Plaque to Cook at Astronomers Point, Dusky Bay, New Zealand

The plaque is mounted on a post, and has an etching of the original drawing by William Hodges, artist on Cook’s second voyage, of Resolution moored at Astronomers Point, a depiction of Captain Cook is in the top right hand corner.   Below is the inscription (see below).

To commemorate Resolution’s visit in March/April 1773, Mr Ken Pickersgill made the trip from the UK in November 2003 to erect the plaque.   Apparently the plaque was the second one to be made, the first one was lost overboard.


After 122 days in Pacific and subantarctic waters, Captain James Cook moored his ship here on 27th
March 1773.
At nine o’clock we got under sail and went into Pickersgill harbour, one of those examined the
previous day, where the ship was moored head and stern in a small creek, and so near the shore, that
we could reach it by means of a stage of a few planks.  Nature had assisted us for this purpose with a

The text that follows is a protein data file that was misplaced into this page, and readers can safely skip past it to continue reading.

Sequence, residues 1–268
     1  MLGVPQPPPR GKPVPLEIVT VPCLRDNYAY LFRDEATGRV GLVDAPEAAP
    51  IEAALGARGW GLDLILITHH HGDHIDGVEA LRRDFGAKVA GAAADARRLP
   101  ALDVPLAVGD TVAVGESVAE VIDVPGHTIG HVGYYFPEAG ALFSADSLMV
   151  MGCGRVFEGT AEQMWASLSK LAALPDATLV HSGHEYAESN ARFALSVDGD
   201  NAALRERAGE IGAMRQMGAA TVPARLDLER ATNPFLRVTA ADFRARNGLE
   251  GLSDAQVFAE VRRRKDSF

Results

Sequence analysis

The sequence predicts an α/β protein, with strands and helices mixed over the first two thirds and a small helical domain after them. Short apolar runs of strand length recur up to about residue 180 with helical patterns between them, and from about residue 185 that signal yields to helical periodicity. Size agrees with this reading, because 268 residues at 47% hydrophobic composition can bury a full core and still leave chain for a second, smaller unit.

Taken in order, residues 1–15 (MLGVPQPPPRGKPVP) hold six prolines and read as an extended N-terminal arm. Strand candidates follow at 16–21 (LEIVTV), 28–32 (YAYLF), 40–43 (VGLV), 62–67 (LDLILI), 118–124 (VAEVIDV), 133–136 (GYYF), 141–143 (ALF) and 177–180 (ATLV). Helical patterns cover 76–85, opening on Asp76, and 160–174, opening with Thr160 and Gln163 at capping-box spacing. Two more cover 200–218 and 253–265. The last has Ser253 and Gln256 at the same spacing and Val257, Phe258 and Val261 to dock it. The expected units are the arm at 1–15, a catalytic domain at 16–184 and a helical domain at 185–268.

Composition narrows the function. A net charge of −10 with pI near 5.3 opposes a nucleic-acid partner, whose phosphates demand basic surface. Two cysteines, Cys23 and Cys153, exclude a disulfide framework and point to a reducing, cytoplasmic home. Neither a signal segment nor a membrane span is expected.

large tree, projecting in a horizontal position over the water, by which we placed the top on our
gunwale, connecting our planks with it.  This situation facilitated all our operations, and was
particularly adapted to our conveniency of wooding and watering, for our sloop’s yards were locked in
the branches of surrounding trees, and about half a musket shot astern we had a fine stream of fresh
We now began to clear away the woods from a neighbouring hill, in order to fix the astronomer’s
observatory upon it, and to establish our forge there, as our iron-works wanted repairs.  Near the
watering-place we pitched tents for the sail-makers, coopers, waterers, and wood-cutters.
George Forster, 27th March 1773.

GPS Coordinates:  -45.724633,  166.506521

Cook’s Log, page 43, vol. 28, no. 4 (2005)
Cook’s Log, page 42, vol. 39, no. 4 (2016)

Image gallery (click to enlarge)